There’s something thrilling about eating a type of food that can only be made in one place. When nothing else can quite mimic its ultra-specific flavor profile, you feel like you’ve been invited to join some secret club. Such is the case with Terre des Volcans’ Bleu 1924.
Cheesemaker Terre des Volcans is situated in the Auvergne region of France, which possesses its own microclimate. Millenia ago, an ancient volcanic chain wound its way through what is now Auvergne, eroding into the present-day plateaus and rolling hills for which the region is known. The soil is chock-full of minerals from those volcanos; when dairy cows feed on the grasses that grow from this soil, their milk takes on certain flavor notes from those minerals. Any cheese made from this milk will exhibit those ultra-rare qualities only found in cheeses produced in this region.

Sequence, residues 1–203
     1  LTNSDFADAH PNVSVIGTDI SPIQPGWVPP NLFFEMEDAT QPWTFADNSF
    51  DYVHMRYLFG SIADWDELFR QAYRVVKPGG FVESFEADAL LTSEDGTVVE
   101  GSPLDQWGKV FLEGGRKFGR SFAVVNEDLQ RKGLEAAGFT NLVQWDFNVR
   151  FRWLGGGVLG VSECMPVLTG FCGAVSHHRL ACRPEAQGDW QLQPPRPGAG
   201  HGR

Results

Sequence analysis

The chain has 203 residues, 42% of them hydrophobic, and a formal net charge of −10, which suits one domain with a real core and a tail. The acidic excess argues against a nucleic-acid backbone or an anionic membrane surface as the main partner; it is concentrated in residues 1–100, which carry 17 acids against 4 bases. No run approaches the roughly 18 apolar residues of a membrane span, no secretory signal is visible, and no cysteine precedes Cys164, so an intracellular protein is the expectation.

Terre des Volcans (literally Land of Volcanoes) begins the cheesemaking process the day their cows are milked, capturing the natural flavor profile of the milk as quickly as possible. Wheels of their Bleu 1924, Forme D’Ambert, and Bleu d’Auvergne are then transferred to natural caves, where they are rubbed with salt, inoculated with Penicillium roqueforti, and aged.
Bleu 1924 is unique in the Terre des Volcans range because of its mixed-milk recipe, blending cow’s and sheep’s milk for an extra layer of umami complexity. This cheese comes to the States through Peterson Cheese, importer of fine foods from across the globe. We thought it fitting to pair this one-of-a-kind blue with an equally compelling preserve made from sea buckthorn berries. The sea buckthorn possesses a profile reminiscent of green apple and passionfruit, though it hails from extremely non-tropical regions like coastal Europe, Russia, and the Mongolian desert. Transformed into preserves, its nuanced character persists, making it a fitting match for the many-layered Bleu 1924.
Sponsored by Peterson Cheese.